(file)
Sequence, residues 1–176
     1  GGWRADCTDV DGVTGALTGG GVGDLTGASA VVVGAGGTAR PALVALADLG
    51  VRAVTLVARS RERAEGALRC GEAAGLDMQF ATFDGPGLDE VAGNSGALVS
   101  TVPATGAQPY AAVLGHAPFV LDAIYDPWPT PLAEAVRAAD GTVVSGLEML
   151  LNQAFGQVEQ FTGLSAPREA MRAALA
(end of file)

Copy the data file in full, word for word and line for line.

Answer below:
Sequence, residues 1–176
     1  GGWRADCTDV DGVTGALTGG GVGDLTGASA VVVGAGGTAR PALVALADLG
    51  VRAVTLVARS RERAEGALRC GEAAGLDMQF ATFDGPGLDE VAGNSGALVS
   101  TVPATGAQPY AAVLGHAPFV LDAIYDPWPT PLAEAVRAAD GTVVSGLEML
   151  LNQAFGQVEQ FTGLSAPREA MRAALA